Saturday, September 15, 2012
Is Blowing the Whistle on Stop and Frisk an Offense?
Yesterday saw an interesting form of public action in Harlem, organized by the Stop Mass Incarceration Network: Protesters used whistles to symbolically "blow the whistle" on arbitrary, discriminatory stop-and-frisk practices. But here's an interesting twist:
Organizers of the protest say the initiative has already moved beyond just symbolism, residents areactually blowing their SMIN-issued orange and yellow whistles when they see someone getting harassed by the police.
"Everything that we've seen up until today has shown that people will absolutely blow the whistle," Will Reese, one of the initiative's organizers, says. "We've seen dozen of examples of it."This reminds me a little bit of Machsom Watch, an organization of Israeli women who stand at barriers, admonishing soldiers who treat Palestinian passers-through with brutality or cruelty. But in the context of protesting urban police practices, I wonder: Could this form of awareness-raising, police-shaming protest lead to the stop-and-frisk, or eventual arrest, of the whistleblowers themselves?
Posted by Hadar Aviram on September 15, 2012 at 04:22 PM | Permalink
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The answer, I believe, is an unequivocal "No." Blowing a whistle in such circumstances is First Amendment speech, and cannot be restricted unless it is necessary to achieving a compelling governmental interest. The compelling interest here is efficient and effective law enforcement. Assuming, arguendo, that abusive stop-and-frisks (accompanied by some legitimate stop-and-frisks) comprise part of efficient and effective law enforcement, the question is whether blowing whistles inhibits that conduct. It does not--it may inconvenience and annoy the police, but it does not inhibit it. Even if it did, would criminalizing the speech of whistle blowing be necessary to ensuring effective law enforcement, or are there less intrusive measures government can take? Certainly one less intrusive measure is requiring whistle blowers to remain ten feet away from the police, which is something the whistle blowers are probably already doing.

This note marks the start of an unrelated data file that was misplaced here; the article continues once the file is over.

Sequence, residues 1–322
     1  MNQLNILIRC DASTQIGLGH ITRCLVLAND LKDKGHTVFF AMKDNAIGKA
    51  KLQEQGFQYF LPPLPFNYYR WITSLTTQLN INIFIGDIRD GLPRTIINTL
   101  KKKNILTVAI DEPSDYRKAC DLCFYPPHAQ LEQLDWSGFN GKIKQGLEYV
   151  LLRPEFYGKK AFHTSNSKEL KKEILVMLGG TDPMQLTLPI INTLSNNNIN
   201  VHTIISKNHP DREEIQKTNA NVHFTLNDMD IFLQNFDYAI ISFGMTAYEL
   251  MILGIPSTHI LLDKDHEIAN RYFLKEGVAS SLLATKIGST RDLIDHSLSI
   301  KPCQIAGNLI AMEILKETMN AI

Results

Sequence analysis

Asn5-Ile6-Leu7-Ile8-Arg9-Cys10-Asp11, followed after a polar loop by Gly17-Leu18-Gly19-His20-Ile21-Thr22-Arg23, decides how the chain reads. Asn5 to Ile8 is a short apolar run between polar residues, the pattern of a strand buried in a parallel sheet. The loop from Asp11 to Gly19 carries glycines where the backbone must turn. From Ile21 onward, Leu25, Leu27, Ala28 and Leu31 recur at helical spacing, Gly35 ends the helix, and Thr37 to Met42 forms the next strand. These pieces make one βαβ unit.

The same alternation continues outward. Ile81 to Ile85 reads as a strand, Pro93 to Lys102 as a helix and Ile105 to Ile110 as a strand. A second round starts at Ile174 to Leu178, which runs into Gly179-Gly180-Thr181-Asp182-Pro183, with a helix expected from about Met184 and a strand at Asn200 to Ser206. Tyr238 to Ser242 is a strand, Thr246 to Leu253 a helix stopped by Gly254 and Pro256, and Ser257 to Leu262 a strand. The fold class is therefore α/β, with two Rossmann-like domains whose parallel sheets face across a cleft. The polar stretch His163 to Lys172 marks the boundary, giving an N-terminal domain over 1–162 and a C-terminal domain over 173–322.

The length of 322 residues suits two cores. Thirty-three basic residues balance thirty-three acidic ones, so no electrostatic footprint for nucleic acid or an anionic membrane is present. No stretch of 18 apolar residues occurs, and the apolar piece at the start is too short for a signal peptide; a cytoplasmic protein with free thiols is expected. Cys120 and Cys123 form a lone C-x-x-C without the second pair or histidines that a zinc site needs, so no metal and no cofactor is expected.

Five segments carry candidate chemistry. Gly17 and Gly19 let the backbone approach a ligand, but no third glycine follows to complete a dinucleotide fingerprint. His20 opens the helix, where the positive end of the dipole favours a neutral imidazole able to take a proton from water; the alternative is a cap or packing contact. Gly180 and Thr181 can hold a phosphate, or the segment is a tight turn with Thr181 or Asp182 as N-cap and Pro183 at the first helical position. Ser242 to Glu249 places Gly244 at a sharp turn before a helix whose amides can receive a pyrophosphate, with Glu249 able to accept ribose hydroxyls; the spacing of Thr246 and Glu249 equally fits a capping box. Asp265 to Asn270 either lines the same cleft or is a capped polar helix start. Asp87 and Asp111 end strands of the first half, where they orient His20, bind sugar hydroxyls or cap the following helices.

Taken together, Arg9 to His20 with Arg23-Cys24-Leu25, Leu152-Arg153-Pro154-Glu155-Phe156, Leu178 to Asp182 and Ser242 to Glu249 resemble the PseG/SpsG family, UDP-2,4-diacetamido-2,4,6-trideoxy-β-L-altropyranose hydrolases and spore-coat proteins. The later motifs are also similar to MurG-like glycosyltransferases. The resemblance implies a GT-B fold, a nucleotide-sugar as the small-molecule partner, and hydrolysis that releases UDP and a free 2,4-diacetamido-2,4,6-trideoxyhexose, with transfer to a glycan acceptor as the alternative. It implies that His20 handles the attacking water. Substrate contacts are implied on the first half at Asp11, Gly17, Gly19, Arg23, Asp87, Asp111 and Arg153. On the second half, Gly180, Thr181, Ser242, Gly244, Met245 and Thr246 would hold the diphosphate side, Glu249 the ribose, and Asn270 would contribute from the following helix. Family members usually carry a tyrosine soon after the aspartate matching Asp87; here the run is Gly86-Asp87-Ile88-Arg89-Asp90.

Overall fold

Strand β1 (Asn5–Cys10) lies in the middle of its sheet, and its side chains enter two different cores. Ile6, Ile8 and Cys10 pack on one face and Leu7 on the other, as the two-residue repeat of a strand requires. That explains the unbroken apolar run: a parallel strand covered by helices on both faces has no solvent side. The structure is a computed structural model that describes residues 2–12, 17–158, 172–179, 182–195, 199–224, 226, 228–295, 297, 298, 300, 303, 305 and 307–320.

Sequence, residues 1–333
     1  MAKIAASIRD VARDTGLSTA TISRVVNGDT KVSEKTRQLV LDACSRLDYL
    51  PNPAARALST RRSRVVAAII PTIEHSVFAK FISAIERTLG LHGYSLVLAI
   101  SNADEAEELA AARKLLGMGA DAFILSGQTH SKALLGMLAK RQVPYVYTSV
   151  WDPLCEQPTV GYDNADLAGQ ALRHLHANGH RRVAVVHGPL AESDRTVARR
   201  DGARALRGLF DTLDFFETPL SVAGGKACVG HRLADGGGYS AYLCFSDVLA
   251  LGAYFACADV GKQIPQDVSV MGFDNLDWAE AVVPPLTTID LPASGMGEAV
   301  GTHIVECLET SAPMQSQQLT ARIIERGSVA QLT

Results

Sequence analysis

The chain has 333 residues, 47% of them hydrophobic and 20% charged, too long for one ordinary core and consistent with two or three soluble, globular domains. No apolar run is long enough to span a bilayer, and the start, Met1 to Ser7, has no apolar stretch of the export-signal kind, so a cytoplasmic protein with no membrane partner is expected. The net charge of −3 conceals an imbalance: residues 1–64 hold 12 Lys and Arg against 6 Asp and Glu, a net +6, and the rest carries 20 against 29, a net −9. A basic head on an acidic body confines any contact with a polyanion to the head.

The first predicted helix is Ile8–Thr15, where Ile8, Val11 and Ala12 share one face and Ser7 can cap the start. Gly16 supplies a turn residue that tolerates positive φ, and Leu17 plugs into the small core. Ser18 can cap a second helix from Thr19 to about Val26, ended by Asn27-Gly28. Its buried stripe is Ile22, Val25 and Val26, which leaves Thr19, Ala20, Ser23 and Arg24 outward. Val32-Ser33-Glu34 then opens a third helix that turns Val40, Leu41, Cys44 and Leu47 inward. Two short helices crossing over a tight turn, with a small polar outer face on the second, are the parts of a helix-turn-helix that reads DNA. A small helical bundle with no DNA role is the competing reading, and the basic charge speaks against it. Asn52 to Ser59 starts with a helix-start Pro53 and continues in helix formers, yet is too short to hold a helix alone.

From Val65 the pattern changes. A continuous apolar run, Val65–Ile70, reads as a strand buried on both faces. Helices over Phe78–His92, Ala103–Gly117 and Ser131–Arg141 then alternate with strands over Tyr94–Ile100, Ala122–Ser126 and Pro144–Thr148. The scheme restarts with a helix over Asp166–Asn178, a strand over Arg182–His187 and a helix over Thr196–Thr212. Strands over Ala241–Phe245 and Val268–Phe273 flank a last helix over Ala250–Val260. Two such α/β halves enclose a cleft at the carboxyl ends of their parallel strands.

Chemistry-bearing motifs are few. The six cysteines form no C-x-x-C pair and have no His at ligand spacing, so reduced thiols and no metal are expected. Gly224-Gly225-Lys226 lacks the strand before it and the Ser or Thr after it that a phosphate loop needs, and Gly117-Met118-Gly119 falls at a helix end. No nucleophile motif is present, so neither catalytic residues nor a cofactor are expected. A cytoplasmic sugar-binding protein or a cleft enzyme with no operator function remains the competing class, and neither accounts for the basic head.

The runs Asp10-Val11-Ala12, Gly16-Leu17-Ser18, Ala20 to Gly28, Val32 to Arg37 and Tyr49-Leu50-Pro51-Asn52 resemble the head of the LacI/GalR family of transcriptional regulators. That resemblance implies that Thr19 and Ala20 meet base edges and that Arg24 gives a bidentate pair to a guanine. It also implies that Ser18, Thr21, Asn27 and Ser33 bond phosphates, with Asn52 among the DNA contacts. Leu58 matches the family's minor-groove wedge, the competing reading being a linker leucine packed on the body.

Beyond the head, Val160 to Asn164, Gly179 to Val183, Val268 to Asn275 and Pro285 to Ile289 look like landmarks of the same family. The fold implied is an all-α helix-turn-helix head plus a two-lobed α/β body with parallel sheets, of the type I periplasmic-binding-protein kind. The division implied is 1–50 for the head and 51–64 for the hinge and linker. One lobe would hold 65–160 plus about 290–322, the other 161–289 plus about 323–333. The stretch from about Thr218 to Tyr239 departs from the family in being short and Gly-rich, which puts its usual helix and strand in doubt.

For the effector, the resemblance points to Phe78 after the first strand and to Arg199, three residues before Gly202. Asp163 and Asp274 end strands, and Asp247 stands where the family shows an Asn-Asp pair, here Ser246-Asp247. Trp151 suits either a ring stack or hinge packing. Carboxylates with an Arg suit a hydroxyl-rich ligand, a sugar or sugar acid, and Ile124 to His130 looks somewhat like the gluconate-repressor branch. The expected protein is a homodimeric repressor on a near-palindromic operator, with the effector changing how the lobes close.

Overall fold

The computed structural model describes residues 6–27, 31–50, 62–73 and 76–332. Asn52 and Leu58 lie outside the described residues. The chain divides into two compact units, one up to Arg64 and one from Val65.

As for the stop and frisk of the whistle blowers themselves, that too would be prohibited, because there is no reasonable suspicion, no articulable facts that lead an officer to believe that the whistle blowers present any danger to anyone whatsoever. No evidence, no stop and frisk.
Posted by: Steven R. Morrison | Sep 15, 2012 5:40:54 PM
I wonder whether the practice might also inadvertently increase crime rates.
Posted by: dave hoffman | Sep 15, 2012 7:25:07 PM
The whistle blowing is clearly constitutionally protected speech...but its not difficult to imagine that officers will disregard this and arrest these protesters for disorderly conduct, disobeying a lawful order (to stop), obstruction of justice, or some other similarly vague charge. Once arrested, of course charges will be dropped, but cops will figure that if they made a protestor spend a night in jail, their self-percieved right to bully people via stop and frisks will have been vindicated. Some of them will sue for unlawful arrest, but the cops making the arrests will either get away via qualified immunity or they'll just make up lawful grounds for an arrest (maybe they felt they were threatened! Cops always feel conveniently threatened).
Though I don't know what the case law on unlawful arrest suits in New York, maybe its not that bad.
Posted by: Anon | Sep 15, 2012 9:31:25 PM
I'm reminded of the arrests for filming/photographing police officers. The activity seems clearly protected, but, as Anon writes, that doesn't ensure you won't be arrested for it.
Posted by: Patrick Luff | Sep 17, 2012 12:06:01 PM
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